It’s too bad, really.
Rachel Homan and her team really only got a taste of the Randy Ferbey experience in that Scotties bubble.
Covid-19 restrictions and protocols—strictly adhered to over the course of the 10 days and nights the Canadian women’s championship was underway—meant there was only so much Randy Ferbey one was allowed to have in their life.
A socially-distanced Ferb is what Team Homan got, with regulated exposure and restrictions on get-togethers. A few beers at a pub on an off-night? Not this time, sadly.
The six-time Brier champion and four-time world kingpin liked the experience, mostly. But our current reality kind of cramped the guy’s natural style, you know?
If it weren’t for the scourge of a pandemic and the strict regimens Curling Canada needed to observe in order to make the tournament fly, things would have been different. Ferbey is well-known to be a gregarious, social animal. Ghost Town Scotties wasn’t exactly everything a guy like that needs.
“It wasn’t totally enjoyable, I’ll be honest with you,” said Ferbey, looking back at his time in curling lockdown. “I mean, I’m glad I got to experience it. We’ve been stuck at home for the last year, so I kinda jumped at the opportunity.”
The opportunity came when Team Homan’s usual coach—and former Ferbey teammate—Marcel Rocque, had to bow out this Scotties. Ferbey, who’d never spent a week at an elite level event as a team’s dedicated coach before, agreed to take it on.
What he got, then, was a little taste of the coaching life, and a big taste of the strange, strange existence of being at a Scotties with a crowd of cardboard cut-outs, a minimum amount of personnel and a minimum amount of interaction.
“I talked to a couple of TSN guys in the bubble,” said Ferbey. “They said they got to do a lot more during the hockey playoffs than they do (in the curling bubble). This one is even more locked down than the NHL playoffs, believe it or not.”
Ferbey gives some examples of just how strict things were at WinSport Arena, in Calgary; No meals in the arena, but you could grab some donuts if you wanted to (he did). Teammates, when off the ice, would be required to put masks on if they were in the same room. “You’d have to check in, you’d have to check out,” said Ferbey. “The coaches had to have their mask on all the time.”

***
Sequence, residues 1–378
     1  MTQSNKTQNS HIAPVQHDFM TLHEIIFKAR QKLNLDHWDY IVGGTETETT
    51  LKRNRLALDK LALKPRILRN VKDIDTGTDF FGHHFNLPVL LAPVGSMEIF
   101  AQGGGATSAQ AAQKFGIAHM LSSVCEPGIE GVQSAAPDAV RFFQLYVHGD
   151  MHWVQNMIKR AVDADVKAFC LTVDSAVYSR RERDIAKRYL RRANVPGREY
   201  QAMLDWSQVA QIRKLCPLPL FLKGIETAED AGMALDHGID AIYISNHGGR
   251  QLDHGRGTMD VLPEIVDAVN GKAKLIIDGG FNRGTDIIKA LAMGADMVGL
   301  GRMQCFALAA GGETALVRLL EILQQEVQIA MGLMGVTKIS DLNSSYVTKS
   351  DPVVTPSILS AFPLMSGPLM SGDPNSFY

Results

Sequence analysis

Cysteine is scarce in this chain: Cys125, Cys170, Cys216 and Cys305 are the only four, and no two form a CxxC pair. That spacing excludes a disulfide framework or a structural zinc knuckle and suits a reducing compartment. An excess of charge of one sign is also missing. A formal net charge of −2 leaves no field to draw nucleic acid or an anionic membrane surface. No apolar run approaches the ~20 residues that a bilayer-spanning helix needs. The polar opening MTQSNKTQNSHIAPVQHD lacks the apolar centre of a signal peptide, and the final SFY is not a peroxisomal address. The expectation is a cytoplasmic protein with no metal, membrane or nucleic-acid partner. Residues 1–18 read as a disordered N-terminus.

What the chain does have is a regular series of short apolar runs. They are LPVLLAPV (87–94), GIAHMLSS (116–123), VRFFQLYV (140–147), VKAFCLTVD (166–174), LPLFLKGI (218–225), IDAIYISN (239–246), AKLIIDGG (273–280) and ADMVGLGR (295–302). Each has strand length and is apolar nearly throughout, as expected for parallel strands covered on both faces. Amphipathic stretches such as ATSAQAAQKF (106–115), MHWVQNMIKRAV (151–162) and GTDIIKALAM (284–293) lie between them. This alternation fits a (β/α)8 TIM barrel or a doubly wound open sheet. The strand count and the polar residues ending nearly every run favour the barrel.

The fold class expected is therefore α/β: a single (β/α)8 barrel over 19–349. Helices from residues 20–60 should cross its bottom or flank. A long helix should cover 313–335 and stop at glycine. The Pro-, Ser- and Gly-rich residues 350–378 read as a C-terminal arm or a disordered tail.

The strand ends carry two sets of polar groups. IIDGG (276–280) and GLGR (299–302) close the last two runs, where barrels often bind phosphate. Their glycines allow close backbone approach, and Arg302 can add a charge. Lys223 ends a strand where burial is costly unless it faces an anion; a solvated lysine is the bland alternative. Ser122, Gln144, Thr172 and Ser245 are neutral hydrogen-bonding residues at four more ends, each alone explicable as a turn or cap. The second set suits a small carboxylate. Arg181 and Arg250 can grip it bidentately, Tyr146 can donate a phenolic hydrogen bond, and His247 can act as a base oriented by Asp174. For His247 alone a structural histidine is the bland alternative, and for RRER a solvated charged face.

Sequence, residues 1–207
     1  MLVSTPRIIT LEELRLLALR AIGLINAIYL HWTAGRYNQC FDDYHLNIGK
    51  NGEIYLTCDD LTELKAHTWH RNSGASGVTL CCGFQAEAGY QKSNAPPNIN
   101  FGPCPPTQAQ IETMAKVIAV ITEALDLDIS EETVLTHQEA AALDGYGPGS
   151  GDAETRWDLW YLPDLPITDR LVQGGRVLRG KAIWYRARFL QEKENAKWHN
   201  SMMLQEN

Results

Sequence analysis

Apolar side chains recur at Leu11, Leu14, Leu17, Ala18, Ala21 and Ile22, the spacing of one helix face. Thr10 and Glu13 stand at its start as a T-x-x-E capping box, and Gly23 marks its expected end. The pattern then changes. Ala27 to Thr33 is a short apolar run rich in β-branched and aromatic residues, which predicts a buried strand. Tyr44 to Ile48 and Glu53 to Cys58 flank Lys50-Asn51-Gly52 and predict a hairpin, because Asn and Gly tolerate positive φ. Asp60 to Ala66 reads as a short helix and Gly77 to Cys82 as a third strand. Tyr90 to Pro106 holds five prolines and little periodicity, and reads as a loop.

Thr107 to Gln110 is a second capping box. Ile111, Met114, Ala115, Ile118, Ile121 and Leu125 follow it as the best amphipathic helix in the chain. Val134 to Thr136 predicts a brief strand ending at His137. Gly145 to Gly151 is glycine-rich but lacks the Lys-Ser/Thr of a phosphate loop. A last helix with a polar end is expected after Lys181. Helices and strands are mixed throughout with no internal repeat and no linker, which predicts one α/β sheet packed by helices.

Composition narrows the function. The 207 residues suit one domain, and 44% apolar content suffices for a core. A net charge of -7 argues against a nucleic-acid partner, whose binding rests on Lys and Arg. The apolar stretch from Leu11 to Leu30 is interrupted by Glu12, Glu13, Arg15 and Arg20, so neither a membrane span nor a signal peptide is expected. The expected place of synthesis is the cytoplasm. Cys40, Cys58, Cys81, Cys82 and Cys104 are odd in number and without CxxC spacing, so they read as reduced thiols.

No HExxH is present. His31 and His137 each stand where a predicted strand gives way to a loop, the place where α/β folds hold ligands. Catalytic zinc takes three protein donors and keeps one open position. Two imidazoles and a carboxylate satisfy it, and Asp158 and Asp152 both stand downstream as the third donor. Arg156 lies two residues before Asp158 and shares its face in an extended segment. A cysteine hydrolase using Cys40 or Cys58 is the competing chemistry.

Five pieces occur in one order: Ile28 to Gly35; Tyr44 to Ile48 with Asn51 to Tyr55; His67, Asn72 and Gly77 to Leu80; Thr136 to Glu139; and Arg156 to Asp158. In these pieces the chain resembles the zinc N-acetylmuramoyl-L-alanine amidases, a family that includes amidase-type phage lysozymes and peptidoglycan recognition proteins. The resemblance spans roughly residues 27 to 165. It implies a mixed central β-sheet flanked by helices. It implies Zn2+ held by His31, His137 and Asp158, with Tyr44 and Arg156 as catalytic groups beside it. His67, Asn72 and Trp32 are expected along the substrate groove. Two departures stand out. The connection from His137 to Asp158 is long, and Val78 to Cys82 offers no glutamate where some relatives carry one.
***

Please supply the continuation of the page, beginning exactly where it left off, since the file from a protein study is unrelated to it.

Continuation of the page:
The oversight was strict, and not always to Ferbey’s liking. “I’m sitting in the stands, by myself, there’s no one around me for a hundred feet,” he explained, giving an example of that oversight. “I just pulled my mask down to take a sip of tea, and there’s an official running up to me to tell me that I didn’t pull my mask back up quick enough. I’m not kiddin’ ya. And there wasn’t a person around me anywhere.”
“It was a kind of overkill, a little bit, but I totally understand why we did it.”
And if you could actually hear a shrug from a guy at the other end of a phone call, I think I heard one there.
“You just have to deal with it,” he said.
But it certainly was a little tough to take for Ferbey, who delights in the social aspect of the game, and the energy created by the people who are there. He’s a mingler, famously loquacious.
“Oh my God, yes,” he blurted out, when asked if he felt robbed of the customary trappings of a big-event ride. “I miss all that stuff. And talking to people, absolutely.”
He mentions the autograph sessions, the chats with fans, inside and outside the arena. Even the extra demands on a competitor’s time.
“That is part of the event,” Ferbey said. “After you’ve done it five, 10 times, it does get a little tiresome, I guess. But at the end of the day, trust me curlers, things come to an end pretty quick. You kinda wish those people would line up to get your autograph.”